Amazon offers truckers an app for expedited check-in at DCs
Amazon Relay could help drivers maximize hours of service under ELD regulations, analyst says.
By Ben Ames
Online retailing colossus Amazon.com Inc. has launched a smartphone app that offers truckers expedited check-in at its DCs, a service that could save drivers crucial time as the industry prepares to comply with the federal electronic logging device (ELD) mandate.
The Seattle-based e-tailer has not publically announced the product, but at the Google Play app store, the company said its "Amazon Relay" app was meant to help truck drivers save time at Amazon Fulfillment and Sort Centers by checking in online before they arrive.
Drivers who are either picking up or dropping off cargo at Amazon facilities can use the free app to pre-register their loads and get gate passes delivered to their phones, according to Amazon. Once they have generated that gate pass, drivers can display the quick response (QR) code, also known as a three-dimensional barcode, to quickly move through the warehouse gate and gain access to reserved lanes, the company said.
In a note to investors, the investment firm Baird Equity Research said the Amazon Relay app could be effective at streamlining inefficiencies in the pickup and delivery process. The federal mandate that most trucks use ELDs is scheduled to come online on Dec. 18, enforcing tighter accounting on how drivers count their hours-of-service availability behind the wheel. Under that increased scrutiny, carriers, brokers, and shippers will all be looking for ways to maximize drivers' productivity within that legal window, Baird said.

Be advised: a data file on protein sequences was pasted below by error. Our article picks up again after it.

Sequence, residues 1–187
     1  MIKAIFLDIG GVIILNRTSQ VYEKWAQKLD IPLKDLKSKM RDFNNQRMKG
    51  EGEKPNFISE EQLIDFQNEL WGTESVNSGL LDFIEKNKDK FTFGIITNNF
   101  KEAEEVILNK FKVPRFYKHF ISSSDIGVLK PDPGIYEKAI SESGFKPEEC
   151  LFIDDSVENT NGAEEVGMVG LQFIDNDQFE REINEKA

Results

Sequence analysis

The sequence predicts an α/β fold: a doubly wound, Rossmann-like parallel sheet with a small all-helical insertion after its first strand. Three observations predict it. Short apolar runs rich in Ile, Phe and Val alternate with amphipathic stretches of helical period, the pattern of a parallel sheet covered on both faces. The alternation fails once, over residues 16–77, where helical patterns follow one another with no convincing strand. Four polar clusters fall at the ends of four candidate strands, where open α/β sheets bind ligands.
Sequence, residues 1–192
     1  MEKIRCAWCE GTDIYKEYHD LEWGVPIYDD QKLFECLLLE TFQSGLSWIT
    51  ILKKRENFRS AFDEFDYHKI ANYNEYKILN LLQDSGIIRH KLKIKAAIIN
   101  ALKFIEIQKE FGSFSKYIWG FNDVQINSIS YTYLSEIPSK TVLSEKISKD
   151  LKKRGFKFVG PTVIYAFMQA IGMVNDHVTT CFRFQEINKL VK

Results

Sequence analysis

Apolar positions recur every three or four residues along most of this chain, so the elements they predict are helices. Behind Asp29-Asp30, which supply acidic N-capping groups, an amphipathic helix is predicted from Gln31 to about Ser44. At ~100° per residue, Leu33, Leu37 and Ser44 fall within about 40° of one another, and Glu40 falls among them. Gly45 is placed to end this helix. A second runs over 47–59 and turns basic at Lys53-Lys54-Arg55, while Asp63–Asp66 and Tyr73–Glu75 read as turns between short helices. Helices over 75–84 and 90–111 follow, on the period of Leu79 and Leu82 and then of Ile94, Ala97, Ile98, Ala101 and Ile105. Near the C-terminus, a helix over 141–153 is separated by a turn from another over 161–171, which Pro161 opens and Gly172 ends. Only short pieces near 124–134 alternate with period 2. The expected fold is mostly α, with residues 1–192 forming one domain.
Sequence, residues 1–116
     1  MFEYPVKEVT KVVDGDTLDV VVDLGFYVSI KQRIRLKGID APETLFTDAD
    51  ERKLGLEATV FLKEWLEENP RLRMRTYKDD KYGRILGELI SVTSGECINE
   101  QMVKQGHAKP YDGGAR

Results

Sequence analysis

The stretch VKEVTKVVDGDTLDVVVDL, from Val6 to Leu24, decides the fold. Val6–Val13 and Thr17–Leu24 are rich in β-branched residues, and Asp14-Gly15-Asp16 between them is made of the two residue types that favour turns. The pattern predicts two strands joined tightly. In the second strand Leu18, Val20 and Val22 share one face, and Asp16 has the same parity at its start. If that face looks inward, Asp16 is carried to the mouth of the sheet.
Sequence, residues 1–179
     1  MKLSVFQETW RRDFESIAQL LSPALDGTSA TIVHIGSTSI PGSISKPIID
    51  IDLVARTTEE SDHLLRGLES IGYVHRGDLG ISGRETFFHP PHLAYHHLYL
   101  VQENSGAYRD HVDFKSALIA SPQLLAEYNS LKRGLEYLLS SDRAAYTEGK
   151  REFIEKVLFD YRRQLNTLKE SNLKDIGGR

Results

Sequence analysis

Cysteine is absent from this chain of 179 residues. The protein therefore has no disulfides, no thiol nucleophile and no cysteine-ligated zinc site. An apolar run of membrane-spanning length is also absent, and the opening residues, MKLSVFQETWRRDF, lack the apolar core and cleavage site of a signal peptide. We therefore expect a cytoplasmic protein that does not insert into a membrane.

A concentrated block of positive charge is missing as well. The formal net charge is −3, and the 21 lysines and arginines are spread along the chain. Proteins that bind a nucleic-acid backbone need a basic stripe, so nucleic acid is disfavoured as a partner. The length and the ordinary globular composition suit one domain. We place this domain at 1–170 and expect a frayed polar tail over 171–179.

While Amazon describes the app as being merely a tool to streamline the flow of trucks to and from its DCs, industry figures have long been wary that Amazon may have greater ambitions. Some brokers worry that Amazon could develop an "Uber for trucking"-like app and open its vast logistics network up for use by external, non-fulfillment customers. That suspicion was reinforced in 2016 when the company referred to itself in a government filing as a "transportation service provider."
The Baird memo found that the Amazon Relay app in its current form could not supply such full-fledged truck brokerage capabilities, but that it still marked a potential threat to displace incumbent truck brokers. "The app seemingly stops short of introducing broader 'truck brokerage' capabilities, though such additional capabilities could be added to the application over time," Baird Senior Research Analyst Benjamin Hartford said in the note. "That said, we note that the functionality of the app at present, given initial reviews, appears to be very rudimentary."
About the Author
Ben Ames has spent 20 years as a journalist since starting out as a daily newspaper reporter in Pennsylvania in 1995. From 1999 forward, he has focused on business and technology reporting for a number of trade journals, beginning when he joined Design News and Modern Materials Handling magazines. Ames is author of the trail guide "Hiking Massachusetts" and is a graduate of the Columbia School of Journalism.
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